(Original post by Nigel Farage MEP)
    Jammy Duel I think know how he has arrived at his figure, he has multiplied the £100bn debt by the interest rate of 1.396% to find a repayable amount of £1.0396bn, then divided that by a little over £2bn to find a repayment time of 50 years, but government finance does not work like that.
    I have been going over the maths, and yes, I think they're slightly wrong.
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    (Original post by Jammy Duel)
    Again, I know exactly how he got to it, I just wanted to tell him how wildly out he was by forgetting that the interest is on the outstanding amount and then considering compound interest.
    (Original post by Nigel Farage MEP)
    I have been misinterpreting your posts, I thought you were as baffled as I was over his figure.
    Jammy's right. Like a **** I put the interest on the repayments rather than the total debt.
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    (Original post by James Milibanter)
    I think that may be right, I'll double check though (but so far my figures regarding this scheme have been bouncing up and down all over the gaff so I'm not too sure what good double checking'll do), in any case, something I've overlooked is the amount we'll save out of housing benefit thanks to the scheme, the difference in the average benefit payout to a private tenant and a social tenant inEngland is currently £936 per year so there's every chance that we can save up to £450m a year or at least £300m if you want to be conservative.



    I have been going over the maths, and yes, I think they're slightly wrong.
    Hallelujah, you have accepted you've done something wrong, even if it is one of the less important figures given that it refers to deficit projections and only has a very small effect, whilst you still, I assume,. stubbornly hold on to your main error in the accounting for the spending.
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    (Original post by Jammy Duel)
    Hallelujah, you have accepted you've done something wrong, even if it is one of the less important figures given that it refers to deficit projections and only has a very small effect, whilst you still, I assume,. stubbornly hold on to your main error in the accounting for the spending.
    I don't think it makes much of a difference now, I'll mention it in the End of Term Review.

    Besides, if I put it in as £20bn a year, it would read like this:

    £20bn year 1, remaining debt £81.1168bn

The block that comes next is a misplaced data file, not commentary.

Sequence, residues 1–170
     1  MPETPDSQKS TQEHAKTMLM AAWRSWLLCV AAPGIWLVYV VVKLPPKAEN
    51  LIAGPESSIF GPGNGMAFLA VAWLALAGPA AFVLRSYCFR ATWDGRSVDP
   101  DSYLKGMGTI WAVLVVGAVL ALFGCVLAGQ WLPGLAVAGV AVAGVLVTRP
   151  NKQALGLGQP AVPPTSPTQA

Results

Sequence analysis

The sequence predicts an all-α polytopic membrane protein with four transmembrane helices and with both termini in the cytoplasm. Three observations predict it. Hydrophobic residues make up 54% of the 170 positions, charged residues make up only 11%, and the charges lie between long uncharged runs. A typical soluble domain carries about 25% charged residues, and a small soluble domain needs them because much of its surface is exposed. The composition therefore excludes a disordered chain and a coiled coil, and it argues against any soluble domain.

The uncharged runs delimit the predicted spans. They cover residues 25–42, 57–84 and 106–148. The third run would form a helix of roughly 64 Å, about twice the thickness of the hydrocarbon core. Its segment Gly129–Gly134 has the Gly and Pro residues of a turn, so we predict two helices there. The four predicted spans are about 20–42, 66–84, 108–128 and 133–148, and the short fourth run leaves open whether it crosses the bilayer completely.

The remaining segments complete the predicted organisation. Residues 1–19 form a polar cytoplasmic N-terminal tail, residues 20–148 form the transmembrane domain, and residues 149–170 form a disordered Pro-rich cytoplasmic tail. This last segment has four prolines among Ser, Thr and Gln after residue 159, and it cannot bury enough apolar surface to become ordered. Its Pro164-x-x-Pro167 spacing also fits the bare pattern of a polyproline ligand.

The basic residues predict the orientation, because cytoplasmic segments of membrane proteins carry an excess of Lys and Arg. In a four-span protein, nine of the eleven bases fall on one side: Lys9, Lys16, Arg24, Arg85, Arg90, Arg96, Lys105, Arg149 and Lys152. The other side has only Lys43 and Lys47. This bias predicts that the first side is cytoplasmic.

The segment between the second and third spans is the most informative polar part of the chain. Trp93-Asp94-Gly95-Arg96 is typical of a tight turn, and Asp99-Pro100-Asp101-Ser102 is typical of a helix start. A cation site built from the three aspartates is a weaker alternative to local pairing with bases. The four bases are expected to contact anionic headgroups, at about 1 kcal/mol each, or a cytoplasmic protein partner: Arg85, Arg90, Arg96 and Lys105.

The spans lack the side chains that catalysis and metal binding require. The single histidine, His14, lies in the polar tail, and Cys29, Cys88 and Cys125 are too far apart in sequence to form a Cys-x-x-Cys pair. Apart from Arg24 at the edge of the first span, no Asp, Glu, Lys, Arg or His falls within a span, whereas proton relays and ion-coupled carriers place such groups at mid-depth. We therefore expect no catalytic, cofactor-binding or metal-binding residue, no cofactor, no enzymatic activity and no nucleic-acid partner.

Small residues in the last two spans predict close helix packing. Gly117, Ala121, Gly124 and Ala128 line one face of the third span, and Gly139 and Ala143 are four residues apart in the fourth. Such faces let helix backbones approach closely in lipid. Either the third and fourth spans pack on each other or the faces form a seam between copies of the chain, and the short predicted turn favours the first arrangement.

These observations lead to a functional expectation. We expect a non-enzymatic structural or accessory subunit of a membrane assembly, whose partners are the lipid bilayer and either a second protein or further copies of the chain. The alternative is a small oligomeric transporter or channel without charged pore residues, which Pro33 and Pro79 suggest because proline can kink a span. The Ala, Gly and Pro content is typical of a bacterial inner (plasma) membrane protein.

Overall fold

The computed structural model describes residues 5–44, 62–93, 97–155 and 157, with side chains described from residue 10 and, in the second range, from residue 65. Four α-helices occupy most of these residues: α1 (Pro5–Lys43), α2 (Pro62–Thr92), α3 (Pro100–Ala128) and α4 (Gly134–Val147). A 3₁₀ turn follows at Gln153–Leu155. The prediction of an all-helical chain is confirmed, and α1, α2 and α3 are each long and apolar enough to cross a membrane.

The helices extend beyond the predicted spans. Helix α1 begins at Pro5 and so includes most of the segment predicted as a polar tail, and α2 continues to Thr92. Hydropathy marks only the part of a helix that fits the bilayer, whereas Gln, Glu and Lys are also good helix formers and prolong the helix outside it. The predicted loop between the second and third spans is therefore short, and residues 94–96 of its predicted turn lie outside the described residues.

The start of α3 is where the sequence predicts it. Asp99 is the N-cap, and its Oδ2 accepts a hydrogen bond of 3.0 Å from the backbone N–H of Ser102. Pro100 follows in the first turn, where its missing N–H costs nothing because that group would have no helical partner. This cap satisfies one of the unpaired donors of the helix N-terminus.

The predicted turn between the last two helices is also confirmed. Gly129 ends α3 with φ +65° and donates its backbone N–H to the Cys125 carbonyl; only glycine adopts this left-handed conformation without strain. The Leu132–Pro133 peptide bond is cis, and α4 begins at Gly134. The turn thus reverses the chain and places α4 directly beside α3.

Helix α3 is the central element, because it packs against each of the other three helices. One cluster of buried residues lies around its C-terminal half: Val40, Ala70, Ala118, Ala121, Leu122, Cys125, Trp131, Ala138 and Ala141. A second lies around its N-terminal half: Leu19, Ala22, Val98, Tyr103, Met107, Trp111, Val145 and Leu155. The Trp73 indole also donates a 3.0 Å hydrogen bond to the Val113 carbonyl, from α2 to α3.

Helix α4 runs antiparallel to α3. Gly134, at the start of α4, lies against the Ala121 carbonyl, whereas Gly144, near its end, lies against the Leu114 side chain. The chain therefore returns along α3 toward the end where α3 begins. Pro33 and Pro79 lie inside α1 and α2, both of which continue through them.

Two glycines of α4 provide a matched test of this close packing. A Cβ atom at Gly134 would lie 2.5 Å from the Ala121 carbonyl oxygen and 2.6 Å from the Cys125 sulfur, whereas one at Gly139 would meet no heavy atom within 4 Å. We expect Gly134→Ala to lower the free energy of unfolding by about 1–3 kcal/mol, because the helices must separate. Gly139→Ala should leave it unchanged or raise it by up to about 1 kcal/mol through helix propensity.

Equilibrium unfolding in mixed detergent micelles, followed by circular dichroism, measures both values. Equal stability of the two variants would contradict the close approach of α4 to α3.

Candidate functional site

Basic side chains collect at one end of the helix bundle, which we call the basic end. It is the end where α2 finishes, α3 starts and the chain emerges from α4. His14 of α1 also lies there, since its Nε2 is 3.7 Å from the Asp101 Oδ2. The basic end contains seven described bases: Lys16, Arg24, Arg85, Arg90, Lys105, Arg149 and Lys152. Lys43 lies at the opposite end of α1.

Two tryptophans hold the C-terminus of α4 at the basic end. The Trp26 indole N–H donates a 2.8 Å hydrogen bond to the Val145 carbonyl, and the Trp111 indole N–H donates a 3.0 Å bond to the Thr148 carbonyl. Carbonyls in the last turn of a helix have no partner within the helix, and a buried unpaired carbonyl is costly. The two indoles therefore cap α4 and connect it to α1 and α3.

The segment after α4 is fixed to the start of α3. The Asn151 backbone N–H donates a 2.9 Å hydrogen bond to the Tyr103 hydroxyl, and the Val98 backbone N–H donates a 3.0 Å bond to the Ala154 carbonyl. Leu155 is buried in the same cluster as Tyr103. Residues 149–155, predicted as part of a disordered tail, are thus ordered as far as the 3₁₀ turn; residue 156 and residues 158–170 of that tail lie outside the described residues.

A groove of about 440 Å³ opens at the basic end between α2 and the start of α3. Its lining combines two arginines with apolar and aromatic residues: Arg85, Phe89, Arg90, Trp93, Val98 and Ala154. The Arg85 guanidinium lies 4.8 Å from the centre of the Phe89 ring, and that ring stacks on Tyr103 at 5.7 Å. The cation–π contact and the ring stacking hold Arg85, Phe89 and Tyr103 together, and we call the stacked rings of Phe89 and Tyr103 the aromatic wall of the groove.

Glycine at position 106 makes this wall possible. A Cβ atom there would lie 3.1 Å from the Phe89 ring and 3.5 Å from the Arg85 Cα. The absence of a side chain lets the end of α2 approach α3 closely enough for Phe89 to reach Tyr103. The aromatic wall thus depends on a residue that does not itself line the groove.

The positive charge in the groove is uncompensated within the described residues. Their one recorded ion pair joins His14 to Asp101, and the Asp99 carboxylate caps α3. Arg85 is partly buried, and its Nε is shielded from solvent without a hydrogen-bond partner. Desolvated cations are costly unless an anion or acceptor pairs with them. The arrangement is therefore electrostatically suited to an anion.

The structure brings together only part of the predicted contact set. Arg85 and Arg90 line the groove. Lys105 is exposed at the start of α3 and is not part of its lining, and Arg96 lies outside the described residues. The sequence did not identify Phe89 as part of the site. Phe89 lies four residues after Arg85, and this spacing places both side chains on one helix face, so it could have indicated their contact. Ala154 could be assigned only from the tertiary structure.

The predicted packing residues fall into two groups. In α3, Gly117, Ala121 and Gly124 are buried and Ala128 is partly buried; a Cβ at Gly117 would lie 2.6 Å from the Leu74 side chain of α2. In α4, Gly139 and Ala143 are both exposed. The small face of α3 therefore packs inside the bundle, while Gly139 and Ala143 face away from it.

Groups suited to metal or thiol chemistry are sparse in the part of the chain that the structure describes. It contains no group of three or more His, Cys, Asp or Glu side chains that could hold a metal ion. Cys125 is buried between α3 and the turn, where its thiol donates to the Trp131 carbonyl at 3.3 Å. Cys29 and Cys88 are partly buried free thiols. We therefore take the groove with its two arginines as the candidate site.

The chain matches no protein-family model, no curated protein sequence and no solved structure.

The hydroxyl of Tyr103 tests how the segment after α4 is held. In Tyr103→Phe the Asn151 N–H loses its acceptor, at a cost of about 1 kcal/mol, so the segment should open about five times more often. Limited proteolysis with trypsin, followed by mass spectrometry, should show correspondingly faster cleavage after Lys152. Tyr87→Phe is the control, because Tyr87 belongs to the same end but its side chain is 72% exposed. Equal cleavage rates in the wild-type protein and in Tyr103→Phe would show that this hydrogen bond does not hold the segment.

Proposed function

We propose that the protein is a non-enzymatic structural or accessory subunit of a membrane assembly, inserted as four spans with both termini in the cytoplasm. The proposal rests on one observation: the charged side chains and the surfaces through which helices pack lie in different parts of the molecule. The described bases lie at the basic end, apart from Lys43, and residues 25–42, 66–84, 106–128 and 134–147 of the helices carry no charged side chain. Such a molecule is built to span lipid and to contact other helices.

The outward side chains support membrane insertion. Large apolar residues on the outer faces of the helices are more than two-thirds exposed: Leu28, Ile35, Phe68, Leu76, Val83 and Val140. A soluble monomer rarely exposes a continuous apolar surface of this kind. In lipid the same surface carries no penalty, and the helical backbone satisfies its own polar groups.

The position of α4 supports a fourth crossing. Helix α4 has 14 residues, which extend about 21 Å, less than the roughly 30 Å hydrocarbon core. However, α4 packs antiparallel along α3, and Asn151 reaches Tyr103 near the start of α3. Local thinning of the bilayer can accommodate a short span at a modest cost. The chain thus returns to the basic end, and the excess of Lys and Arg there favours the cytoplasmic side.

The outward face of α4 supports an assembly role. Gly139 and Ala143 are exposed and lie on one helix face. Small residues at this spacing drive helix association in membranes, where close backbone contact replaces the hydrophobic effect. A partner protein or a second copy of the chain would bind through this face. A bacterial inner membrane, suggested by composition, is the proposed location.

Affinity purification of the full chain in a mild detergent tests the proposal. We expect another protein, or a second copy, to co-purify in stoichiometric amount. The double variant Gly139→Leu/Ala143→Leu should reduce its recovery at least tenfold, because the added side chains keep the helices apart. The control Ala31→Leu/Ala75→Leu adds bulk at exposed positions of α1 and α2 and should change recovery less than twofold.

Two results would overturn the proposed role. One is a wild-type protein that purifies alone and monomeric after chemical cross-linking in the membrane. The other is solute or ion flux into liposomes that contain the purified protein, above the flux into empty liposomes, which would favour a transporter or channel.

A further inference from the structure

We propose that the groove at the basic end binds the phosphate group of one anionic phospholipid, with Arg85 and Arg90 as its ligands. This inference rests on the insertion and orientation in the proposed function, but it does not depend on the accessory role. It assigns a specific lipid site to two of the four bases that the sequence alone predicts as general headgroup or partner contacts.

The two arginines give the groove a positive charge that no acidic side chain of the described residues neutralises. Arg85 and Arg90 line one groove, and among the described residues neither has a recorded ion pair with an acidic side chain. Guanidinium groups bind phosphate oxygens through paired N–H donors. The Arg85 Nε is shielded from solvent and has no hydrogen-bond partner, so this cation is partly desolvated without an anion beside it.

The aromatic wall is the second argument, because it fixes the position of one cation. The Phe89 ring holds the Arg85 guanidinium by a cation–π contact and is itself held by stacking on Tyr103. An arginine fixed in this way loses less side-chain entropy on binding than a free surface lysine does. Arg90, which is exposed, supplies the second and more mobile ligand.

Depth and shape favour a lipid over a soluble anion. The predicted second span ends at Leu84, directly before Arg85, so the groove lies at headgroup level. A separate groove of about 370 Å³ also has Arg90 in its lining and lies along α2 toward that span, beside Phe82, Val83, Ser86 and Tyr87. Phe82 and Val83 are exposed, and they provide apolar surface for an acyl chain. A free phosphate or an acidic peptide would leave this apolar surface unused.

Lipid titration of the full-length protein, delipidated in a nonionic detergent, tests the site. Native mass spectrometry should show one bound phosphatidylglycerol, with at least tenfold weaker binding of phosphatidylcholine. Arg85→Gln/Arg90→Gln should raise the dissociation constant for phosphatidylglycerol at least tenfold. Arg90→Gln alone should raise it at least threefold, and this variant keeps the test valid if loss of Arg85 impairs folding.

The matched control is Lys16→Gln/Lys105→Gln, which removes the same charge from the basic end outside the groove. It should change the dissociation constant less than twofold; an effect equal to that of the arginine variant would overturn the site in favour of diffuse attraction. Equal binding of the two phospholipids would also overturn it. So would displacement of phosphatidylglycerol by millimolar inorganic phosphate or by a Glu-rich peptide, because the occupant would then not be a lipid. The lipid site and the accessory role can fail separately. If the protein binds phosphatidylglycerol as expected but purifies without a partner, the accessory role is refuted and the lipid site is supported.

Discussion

£20bn year 2, remaining debt £61.969990528
    £20bn year 3, remaining debt £42.55589159577088
    £20bn year 4, remaining debt £23bn
    £23bn year 5 debt covered.
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    (Original post by James Milibanter)
    Jammy's right. Like a **** I put the interest on the repayments rather than the total debt.
    The compound interest does not matter in government financing, plan on paying the servicing interest for an infinite amount of time; it will cost £500m per year forever until the outstanding amount becomes small enough due to inflation to be repaid.
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    (Original post by Nigel Farage MEP)
    The compound interest does not matter in government financing, plan on paying the servicing interest for an infinite amount of time; it will cost £500m per year forever until the outstanding amount becomes small enough due to inflation to be repaid.
    But we're currently paying £40bn a year in interest repayments, £40bn that could be spent in the economy
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    (Original post by James Milibanter)
    I don't think it makes much of a difference now, I'll mention it in the End of Term Review.

    Besides, if I put it in as £20bn a year, it would read like this:

    £20bn year 1, remaining debt £81.1168bn
    £20bn year 2, remaining debt £61.969990528
    £20bn year 3, remaining debt £42.55589159577088
    £20bn year 4, remaining debt £23bn
    £23bn year 5 debt covered.
    If you're going to be doing it like that there is no point in taking out the loan at all given that you are borrowing before you need it, later I'll run through how it should look in terms of totals
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    (Original post by James Milibanter)
    But we're currently paying £40bn a year in interest repayments, £40bn that could be spent in the economy
    But who is that £40bn being paid to?
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    (Original post by Jammy Duel)
    But who is that £40bn being paid to?
    **** knows. It's interest repayments on Government Debt.
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    (Original post by James Milibanter)
    **** knows. It's interest repayments on Government Debt.
    And what form does the majority of that debt take? I.e. what does the government do when it wants to borrow money?
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    (Original post by James Milibanter)
    But we're currently paying £40bn a year in interest repayments, £40bn that could be spent in the economy
    If all government debt was financed by the method you are suggesting of paying back £2.7bn a year the interest repayments would be higher. There is a good online blog written by an economist over long-term government debt as a way to finance investments in infrastructure; use his plans as the plan for financing the new council houses.